The Centre for Security Governance is pleased to present its SSR Country Snapshot: Liberia on its SSR Resource Centre project website. Click here to see the full version.
SSR Snapshot: Table of Contents
1. SSR Summary
2. Key Dates
1. SSR Summary
Liberia’s civil war has become one of the defining features of its modern history. Following decades of misrule, Liberia spent 15 years engaged in two bloody civil wars that killed more than 200,000 people and displaced another million (Human Rights Watch, 2013). Fighting came to an end in 2003 with the signing of a Comprehensive Peace Agreement (CPA), which called for an immediate ceasefire, the disarmament of all combatants, the formation of a transitional government, and creation of a truth and reconciliation commission (International Crisis Group, 2011). The CPA also called for the complete restructuring of the country’s two main security institutions, the Liberian National Police (LNP) and the Armed Forces of Liberia. By the end of the war, both institutions were widely viewed as sources of insecurity and misery for Liberians across the country, owing to 14 years of predatory behavior and a general blurring of the distinction between security and politics (Search for Common Ground and SIPRI, 2011).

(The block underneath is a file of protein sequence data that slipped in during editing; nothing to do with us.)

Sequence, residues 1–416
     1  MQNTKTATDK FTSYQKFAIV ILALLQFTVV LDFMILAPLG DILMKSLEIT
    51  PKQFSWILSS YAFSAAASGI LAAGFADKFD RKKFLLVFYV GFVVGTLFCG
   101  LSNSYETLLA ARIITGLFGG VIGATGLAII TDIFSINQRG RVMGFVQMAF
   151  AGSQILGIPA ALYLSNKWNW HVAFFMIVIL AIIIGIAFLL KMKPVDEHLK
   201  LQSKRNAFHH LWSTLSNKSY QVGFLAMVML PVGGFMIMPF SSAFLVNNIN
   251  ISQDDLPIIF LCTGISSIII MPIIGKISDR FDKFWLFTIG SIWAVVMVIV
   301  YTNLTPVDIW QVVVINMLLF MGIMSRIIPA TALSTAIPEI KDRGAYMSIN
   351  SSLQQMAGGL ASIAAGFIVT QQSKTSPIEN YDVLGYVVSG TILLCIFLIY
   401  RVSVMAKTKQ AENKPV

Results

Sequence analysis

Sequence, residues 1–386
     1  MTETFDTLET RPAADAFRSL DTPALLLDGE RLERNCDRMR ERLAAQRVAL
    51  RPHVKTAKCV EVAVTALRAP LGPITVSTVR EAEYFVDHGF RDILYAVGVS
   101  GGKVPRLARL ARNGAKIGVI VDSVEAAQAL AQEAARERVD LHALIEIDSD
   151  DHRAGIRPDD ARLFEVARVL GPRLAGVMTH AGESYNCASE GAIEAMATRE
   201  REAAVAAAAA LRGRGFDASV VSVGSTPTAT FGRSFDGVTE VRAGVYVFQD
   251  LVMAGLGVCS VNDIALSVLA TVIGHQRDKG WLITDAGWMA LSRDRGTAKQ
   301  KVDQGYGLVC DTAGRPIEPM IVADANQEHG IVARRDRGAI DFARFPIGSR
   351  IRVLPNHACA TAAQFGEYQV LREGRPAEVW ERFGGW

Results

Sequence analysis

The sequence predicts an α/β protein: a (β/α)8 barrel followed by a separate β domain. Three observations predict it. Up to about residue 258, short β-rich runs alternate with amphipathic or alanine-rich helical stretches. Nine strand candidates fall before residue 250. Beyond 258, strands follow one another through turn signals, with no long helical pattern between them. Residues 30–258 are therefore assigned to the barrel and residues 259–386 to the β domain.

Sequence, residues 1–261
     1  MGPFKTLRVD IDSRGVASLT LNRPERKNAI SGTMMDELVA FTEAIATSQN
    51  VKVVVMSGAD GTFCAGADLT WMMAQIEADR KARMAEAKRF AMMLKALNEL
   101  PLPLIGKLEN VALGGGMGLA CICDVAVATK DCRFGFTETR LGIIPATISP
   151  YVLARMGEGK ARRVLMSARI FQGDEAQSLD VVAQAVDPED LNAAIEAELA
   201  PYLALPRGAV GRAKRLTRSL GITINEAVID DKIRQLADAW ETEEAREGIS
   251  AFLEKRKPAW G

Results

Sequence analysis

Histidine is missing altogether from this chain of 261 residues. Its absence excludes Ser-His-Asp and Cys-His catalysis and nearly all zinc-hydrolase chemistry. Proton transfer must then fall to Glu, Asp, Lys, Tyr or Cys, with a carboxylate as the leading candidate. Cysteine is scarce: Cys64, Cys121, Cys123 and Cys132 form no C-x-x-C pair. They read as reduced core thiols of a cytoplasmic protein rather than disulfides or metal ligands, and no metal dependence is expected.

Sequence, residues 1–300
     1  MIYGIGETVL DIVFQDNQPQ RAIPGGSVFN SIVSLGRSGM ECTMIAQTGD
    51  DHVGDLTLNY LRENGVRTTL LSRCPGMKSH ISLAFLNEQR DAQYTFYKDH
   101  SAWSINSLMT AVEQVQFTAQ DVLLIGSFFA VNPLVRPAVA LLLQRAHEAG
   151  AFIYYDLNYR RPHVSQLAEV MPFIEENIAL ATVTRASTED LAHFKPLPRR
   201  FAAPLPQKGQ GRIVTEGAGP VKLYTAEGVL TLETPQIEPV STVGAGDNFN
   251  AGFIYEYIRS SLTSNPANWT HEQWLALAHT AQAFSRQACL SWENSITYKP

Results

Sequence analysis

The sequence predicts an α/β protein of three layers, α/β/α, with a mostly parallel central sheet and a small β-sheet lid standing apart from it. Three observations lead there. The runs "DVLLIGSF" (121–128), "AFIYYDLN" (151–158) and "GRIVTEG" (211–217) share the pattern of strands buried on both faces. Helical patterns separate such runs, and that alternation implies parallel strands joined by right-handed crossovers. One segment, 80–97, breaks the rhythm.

Initial security sector reform (SSR) efforts began in 2004. At that time, the United Nations Mission in Liberia (UNMIL) moved to reform the Liberian National Police, even as early planning was made to disband, demobilize, and reconstitute the army. Overall SSR programs have had mixed results. The complete disbanding and rebuilding of the former Liberian army has been generally successful, while efforts to reform the police and other major security actors have faced greater challenges. The bold approach adopted to reform the army was made possible largely due to a strong national consensus and the presence of a large international UN presence. However, the same factors have not enabled such bold action with regard to restructuring Liberia’s other security institutions (International Crisis Group, 2009).
Currently led by Africa’s first elected female president, Ellen Johnson Sirleaf, Liberia benefits from significant investments from bilateral donors and international organizations, making the country largely stable. However, as the UN mission begins to draw down its presence, Liberia’s security institutions are faced with the task of ensuring the country’s political stability and reviving their deeply degraded image. Though significant SSR gains have been made in the last several years, these have all been accomplished while UNMIL exercised its role as the country’s main guarantor of peace. Liberia’s national security institutions are increasingly able to cope with some of this work. But the country’s security sector is still not currently able to function without considerable external support (International Crisis Group, 2011). Moreover, Liberian democracy remains fragile, with a polarized politics tinged by corruption, nepotism, and impunity and an economy still not open to all Liberians.